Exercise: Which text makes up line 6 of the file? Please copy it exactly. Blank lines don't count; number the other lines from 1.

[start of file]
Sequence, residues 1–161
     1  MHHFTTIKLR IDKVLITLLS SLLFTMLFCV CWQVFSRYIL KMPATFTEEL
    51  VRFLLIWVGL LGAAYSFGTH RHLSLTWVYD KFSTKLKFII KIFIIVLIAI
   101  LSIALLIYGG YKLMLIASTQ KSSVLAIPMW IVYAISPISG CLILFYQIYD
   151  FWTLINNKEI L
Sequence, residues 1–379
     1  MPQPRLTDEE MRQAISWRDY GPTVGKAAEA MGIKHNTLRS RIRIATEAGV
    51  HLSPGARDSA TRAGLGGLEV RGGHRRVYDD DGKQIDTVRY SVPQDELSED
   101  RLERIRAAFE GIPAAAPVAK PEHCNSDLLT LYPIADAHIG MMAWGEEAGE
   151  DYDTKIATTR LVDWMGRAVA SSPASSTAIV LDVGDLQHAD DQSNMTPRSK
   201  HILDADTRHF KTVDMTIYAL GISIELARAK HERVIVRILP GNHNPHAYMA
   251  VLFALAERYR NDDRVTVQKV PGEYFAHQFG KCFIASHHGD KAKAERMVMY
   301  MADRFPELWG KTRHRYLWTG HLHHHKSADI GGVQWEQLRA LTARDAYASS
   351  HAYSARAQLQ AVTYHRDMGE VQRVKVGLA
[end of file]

Sequence, residues 1–379